Third World Approaches to International Law: A retrospective with some implications for refugee and migration law
Professor Antony T Anghie (University of Utah)
Public Seminar Series
Wednesday, 04 December 2019, 5pm to 6.30pm
Tuanku Bainun Auditorium, Sultan Nazrin Shah Centre, Worcester College, 1 Walton Street, Oxford, OX1 2HB
Hosted by Refugee Studies Centre
***PLEASE NOTE THE CHANGE OF VENUE, IN SOLIDARITY WITH CURRENT UCU INDUSTRIAL ACTION***
Public Seminar Series, Michaelmas term 2019
Series convenors: Professor Matthew J Gibney, Professor Cathryn Costello, Professor Tom Scott-Smith
About the speaker
Professor Anghie received a B.A. and an LL.B. from Monash University in Melbourne, Australia. He earned an S.J.D. from Harvard Law School, where he also served as a MacArthur Scholar at the Harvard Center for International Affairs and a Senior Fellow in the Graduate Program at the law school. In the summer of 1994, he completed an internship with the International Monetary Fund in Washington, D.C. He also practiced law in Melbourne, Australia.
Professor Anghie joined the faculty at the University of Utah S.J. Quinney College of Law faculty in 1995. He served on the University President's Task Force on Internationalization and on various other committees examining issues of internationalization at the university level. He has served as Visiting Professor at the American University Cairo, Cornell, Harvard, the London School of Economics, and the University of Tokyo and he has also taught and lectured at various other universities around the world including Melbourne Law School, the University of Auckland, the Law College in Sri Lanka and Jahangirnagar Law School in Bangladesh. He has served on the Executive Council of the Asian Society of International Law since its founding, and was a principal organizer of its biennial conference in Beijing in 2011. He delivered the Grotius Lecture at the American Society of International Law in 2010.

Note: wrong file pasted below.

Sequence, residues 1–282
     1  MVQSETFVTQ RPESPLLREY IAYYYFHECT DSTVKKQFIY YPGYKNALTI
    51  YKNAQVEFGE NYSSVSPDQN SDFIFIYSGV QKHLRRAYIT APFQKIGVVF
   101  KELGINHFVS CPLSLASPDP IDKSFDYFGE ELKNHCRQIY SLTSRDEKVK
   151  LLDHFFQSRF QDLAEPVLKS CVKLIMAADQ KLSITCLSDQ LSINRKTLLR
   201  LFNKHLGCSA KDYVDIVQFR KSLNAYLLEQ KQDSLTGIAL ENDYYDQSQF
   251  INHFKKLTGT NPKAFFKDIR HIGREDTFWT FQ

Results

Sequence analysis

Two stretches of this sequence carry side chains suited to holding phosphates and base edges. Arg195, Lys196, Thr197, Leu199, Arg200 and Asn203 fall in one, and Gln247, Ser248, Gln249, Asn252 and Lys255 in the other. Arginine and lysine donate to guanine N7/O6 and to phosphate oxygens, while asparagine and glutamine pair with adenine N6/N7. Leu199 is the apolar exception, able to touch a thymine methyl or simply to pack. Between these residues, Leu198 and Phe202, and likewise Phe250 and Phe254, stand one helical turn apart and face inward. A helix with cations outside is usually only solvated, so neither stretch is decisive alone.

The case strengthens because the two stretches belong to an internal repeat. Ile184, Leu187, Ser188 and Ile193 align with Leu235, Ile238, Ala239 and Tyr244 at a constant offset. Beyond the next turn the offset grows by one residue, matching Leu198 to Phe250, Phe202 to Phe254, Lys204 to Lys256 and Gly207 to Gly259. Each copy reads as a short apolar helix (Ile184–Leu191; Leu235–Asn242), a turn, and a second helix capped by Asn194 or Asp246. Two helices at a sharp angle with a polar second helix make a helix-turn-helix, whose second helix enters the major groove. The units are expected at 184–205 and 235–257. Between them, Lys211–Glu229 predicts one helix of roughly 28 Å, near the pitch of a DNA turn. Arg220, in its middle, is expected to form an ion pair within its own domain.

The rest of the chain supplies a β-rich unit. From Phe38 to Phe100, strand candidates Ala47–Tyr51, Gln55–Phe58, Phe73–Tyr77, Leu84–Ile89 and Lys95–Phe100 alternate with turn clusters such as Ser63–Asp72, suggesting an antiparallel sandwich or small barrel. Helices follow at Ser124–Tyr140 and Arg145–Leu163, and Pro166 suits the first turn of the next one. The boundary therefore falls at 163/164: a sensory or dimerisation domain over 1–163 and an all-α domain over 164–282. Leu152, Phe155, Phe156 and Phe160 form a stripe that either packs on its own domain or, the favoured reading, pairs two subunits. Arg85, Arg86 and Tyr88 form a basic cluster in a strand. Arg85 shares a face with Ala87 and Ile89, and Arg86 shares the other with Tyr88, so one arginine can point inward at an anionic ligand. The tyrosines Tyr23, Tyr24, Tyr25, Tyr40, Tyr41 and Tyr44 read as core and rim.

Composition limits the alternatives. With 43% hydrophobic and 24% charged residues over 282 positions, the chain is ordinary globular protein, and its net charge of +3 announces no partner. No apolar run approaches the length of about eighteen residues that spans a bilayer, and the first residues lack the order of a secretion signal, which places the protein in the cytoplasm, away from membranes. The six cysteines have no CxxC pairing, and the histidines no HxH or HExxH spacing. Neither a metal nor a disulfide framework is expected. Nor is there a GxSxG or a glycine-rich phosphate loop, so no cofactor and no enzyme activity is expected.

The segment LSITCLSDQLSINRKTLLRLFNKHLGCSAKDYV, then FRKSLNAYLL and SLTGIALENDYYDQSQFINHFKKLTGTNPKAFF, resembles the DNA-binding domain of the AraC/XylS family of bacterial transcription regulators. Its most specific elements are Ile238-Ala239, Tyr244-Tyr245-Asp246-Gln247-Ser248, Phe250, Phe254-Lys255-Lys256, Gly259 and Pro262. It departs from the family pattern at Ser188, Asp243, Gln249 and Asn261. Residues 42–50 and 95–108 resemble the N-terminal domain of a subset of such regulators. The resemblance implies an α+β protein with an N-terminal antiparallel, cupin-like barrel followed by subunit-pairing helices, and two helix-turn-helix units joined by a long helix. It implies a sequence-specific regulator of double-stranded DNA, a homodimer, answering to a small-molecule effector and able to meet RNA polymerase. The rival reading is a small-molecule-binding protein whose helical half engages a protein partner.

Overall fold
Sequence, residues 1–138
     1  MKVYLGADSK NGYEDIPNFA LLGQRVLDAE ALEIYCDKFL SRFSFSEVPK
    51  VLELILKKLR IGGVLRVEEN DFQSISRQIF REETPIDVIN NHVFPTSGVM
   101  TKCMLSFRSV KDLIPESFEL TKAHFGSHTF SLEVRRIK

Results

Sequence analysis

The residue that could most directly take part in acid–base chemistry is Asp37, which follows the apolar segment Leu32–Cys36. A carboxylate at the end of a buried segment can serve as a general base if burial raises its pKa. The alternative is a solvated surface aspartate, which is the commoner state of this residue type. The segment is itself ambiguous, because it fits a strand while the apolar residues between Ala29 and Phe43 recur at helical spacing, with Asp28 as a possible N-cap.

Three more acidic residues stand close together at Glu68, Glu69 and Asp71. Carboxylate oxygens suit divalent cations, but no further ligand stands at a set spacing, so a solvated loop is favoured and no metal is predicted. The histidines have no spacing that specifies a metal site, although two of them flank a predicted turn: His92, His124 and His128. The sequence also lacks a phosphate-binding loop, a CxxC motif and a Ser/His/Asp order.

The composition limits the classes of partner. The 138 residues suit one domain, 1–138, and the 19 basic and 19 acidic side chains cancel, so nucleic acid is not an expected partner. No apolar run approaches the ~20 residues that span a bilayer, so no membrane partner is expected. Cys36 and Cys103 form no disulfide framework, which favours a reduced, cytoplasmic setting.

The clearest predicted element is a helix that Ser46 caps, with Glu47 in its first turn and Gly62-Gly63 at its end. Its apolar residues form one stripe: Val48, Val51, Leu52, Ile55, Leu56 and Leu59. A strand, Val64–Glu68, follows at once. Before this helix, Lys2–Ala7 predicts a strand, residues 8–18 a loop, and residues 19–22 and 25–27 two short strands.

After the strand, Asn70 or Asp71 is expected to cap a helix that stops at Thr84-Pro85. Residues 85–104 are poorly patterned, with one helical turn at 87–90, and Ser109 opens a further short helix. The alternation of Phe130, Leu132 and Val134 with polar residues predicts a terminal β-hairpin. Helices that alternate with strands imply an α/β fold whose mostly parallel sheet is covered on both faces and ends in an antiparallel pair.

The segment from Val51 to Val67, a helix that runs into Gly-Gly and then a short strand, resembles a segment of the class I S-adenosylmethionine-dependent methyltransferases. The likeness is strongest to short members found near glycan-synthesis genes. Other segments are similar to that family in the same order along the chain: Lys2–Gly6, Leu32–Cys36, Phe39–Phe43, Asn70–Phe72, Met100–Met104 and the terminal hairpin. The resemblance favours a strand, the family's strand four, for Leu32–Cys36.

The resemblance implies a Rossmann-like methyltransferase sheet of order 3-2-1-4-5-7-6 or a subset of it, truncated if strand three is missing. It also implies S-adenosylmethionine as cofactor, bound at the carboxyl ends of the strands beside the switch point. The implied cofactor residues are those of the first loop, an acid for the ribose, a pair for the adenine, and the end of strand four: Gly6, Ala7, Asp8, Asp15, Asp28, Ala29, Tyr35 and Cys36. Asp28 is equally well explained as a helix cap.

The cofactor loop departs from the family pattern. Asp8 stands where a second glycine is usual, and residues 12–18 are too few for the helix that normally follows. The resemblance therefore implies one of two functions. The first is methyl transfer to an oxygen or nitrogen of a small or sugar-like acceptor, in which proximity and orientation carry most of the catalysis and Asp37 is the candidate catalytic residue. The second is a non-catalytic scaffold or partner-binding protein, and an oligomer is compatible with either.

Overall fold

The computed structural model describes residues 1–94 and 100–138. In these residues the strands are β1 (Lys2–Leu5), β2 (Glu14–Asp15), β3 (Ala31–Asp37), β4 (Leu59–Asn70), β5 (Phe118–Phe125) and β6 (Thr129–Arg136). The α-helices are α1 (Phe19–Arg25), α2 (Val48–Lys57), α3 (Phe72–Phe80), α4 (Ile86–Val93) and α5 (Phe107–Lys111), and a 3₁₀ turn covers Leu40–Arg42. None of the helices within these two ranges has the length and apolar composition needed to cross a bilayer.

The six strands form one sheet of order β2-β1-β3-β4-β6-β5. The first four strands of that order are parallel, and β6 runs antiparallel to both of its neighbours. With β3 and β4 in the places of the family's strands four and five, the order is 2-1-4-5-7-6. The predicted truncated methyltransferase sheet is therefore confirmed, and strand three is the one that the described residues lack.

Professor Anghie's research interests include public and private international law; human rights; globalization, development issues, and international law; terrorism and the use of force; international business transactions and international economic law; colonialism and the history of public international law; and third world approaches to international law.